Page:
WASHINGTON, April 7, 2015 — So, the Duke University men won the NCAA basketball title last night. Let us take a moment to congratulate them on their victory. The young men on the team worked hard for the title, and they deserve some time to bask in the glory.
Minute over. Now let’s discuss the foul stench in the room: the NCAA.
The NCAA is a cartel. Like other cartels—OPEC, De Beers—its function is to make money for its members and owners. These include coaches, broadcasters and the NCAA organization itself. They all make vast sums of money from collegiate sports.
One part of the cartel loses, but because it isn’t losing money for the people running the show, it really doesn’t care. The member colleges and universities are losers, but their administrators don’t mind. For most colleges, intercollegiate athletics lose money. They’re suckered into an athletics arms race in the belief that the visibility and alumni donations will make up the losses; they don’t. They offer scholarships, build stadiums, build special gyms and dorms and training facilities for athletes, and someone else pays the bills.
The players are also losers. They get some scholarships and campus adulation, but other than that, they don’t even get insurance out of it. If they’re damaged, game over, scholarship over, career over. Some of the cash pile would assuage their pain.
The concept of the “student athlete” was created as a way to keep collegiate athletes from any claim on the pile of money that enriches the NCAA, the nexus of the cartel. It operates not out of concern for players and not in their best interests, but to use them for as long as they can be used. The NCAA should be utterly destroyed, its buildings burned down and the ground salted, its directors sent to Qatar as slave labor to build the stadiums for another loathsome organization, FIFA, whose leaders should be flayed, disemboweled, burned, and their ashes buried at a toxic waste site.
But I digress.
Only a fraction of a percent of college athletes will ever make a career in the pros. Those in club sports—gymnastics, wrestling, crew, lacrosse, soccer—generally do very well after graduation, being in fact students first and not relying on athletic scholarships to get through college. They aren’t tied to the team, their lives are not put in the hands of coaches whose interests often aren’t theirs.
Scholarship athletes are in a different situation. Due to public pressure, the NCAA requires that member schools pay close attention to graduation rates of those athletes. So, for instance, the University of North Carolina, a very good academic school, created dummy—as in fake, not as in for dummies—courses that were graded by a secretary who assigned grades depending on the needs of the student: not A’s for everyone, but a judicious mixture of A’s and B’s to avoid drawing attention to fake courses. They got away with it for 18 years, keeping over 1600 athletes eligible to play with inflated grades.
No one doubts that similar activities go on at other schools. In 2014, Notre Dame suspended five scholarship athletes for academic misconduct, and the Syracuse football and men’s basketball programs faced scrutiny last year for allegations involving academic misconduct as well.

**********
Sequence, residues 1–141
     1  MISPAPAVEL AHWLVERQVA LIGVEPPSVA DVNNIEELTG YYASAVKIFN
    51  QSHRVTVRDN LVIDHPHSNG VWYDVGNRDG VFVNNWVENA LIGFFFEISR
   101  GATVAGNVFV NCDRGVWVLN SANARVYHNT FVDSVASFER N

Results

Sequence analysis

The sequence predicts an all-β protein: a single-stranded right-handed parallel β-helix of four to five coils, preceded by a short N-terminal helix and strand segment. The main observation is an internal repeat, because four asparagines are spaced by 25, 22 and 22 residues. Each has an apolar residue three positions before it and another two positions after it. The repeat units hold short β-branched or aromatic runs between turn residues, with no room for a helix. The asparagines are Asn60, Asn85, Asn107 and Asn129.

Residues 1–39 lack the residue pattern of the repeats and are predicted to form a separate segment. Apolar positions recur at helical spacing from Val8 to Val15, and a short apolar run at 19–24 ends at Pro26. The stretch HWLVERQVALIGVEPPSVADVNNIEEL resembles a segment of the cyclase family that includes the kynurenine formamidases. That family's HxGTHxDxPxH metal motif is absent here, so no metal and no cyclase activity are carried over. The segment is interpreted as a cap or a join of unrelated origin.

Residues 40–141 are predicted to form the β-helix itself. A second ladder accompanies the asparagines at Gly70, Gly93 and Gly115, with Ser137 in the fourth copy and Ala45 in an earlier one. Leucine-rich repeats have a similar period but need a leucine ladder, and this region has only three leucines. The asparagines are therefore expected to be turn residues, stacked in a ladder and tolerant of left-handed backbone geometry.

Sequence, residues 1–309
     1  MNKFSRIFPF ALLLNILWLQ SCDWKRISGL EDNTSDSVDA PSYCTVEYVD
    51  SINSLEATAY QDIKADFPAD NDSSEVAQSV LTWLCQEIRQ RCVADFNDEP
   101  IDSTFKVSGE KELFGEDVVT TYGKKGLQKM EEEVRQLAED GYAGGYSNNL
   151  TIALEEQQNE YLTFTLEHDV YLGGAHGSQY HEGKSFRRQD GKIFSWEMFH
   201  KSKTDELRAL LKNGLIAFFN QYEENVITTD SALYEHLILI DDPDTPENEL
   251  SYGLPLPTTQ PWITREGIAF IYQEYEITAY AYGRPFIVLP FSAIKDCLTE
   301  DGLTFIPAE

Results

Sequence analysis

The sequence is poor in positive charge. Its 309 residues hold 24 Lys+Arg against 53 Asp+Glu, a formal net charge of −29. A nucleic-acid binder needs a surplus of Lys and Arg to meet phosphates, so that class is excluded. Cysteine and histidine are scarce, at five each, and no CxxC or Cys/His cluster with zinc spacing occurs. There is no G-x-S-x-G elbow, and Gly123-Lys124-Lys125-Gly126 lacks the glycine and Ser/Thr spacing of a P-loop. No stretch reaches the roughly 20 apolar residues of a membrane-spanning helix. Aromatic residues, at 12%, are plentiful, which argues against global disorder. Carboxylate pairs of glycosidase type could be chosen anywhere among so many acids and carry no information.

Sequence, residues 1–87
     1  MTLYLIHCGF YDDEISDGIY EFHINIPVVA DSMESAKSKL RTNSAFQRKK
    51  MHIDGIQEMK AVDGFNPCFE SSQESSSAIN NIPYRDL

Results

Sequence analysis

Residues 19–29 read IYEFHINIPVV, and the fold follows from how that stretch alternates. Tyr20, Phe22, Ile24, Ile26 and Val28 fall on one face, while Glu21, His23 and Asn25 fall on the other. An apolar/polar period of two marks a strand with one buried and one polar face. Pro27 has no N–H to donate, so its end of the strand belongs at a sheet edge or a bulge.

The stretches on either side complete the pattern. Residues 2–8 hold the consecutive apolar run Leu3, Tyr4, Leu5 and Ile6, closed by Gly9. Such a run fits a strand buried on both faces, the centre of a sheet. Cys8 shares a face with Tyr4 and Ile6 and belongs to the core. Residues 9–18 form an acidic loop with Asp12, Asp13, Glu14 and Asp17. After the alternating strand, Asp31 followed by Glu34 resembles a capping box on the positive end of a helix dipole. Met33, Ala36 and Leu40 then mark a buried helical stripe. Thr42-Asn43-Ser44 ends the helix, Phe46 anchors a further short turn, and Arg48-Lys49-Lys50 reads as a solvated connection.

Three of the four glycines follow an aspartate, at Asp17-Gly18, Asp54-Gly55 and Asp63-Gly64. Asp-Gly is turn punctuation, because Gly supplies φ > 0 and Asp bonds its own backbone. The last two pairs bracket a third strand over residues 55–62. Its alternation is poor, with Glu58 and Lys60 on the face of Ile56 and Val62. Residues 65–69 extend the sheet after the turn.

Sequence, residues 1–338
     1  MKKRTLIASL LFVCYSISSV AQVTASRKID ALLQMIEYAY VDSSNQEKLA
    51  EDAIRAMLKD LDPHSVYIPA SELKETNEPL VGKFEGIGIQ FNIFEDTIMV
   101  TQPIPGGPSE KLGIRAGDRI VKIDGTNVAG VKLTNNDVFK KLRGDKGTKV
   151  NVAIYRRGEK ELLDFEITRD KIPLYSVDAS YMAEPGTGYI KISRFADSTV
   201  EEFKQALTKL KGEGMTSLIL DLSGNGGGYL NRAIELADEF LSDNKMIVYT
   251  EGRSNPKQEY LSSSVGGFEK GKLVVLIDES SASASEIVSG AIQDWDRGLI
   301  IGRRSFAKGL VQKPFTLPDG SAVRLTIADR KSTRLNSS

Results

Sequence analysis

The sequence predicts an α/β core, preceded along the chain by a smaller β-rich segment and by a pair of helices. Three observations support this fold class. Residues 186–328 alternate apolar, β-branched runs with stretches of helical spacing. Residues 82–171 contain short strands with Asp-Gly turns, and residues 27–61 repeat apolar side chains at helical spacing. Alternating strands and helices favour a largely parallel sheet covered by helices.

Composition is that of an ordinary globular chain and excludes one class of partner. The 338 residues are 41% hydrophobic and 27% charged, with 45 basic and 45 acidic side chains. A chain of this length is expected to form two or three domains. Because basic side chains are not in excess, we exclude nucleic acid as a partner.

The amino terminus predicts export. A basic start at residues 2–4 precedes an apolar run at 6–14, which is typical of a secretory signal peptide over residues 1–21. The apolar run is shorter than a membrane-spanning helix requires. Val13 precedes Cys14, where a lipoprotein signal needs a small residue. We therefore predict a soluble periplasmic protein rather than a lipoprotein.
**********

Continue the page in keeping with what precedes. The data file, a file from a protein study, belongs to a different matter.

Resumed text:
We are, of course, shocked when such abuses are brought to light. We should be more shocked that they aren’t brought to light much more often. The NCAA has created the incentives to engage in UNC type fraud, and where the expected rewards for fraud and abuse are high, there will be fraud and abuse.
NCAA athletes have excellent graduation rates; 84 percent of athletes who entered school in the 2007-08 school year graduated within six years, a record. But very rare is the John Urschel, a pro-football player mathematician. Much more common is the athlete who gets a degree in general studies, or some other major with minimal requirements and limited possibilities. Most athletes just don’t have the ability to get an engineering degree—a full-time endeavor—and play football or basketball full time during the season.
A general studies degree and a nice smile will get you a job serving coffee at Starbucks.
The NCAA exploits student labor. “Exploit” is not a word that market economists use lightly in this context, but it applies nicely to the NCAA in this case.
If football and basketball want farm teams, they should set up their own minor leagues, as baseball does, and hire people to play in them. Athletic scholarships should be banned in favor of hardship and academic scholarships.
A kid who can only go to college on an athletic scholarship should really think twice about going to college at all. If he or she can’t afford to go but has the grades and aptitude, that’s what hardship scholarships are for. Grades and aptitude are also what academic scholarships are for.
What, really, are athletic scholarships for? Who are we kidding with the mantra, “they help poor kids go to college”? Really? Do they help poor klutzy kids, poor disabled kids, poor kids who are 5’2″? What’s so special about athletic ability that it demands special scholarships for athletes, scholarships that non-athletes apparently don’t need?
If we’re not going to destroy the NCAA, the money should be shared with the athletes – they should be paid. But better yet would be to destroy the NCAA, eliminate athletic scholarships, and let would be athletes play for minor leagues or enjoy club sports while being real students. “Student athlete” is a term that should be eliminated along with the NCAA.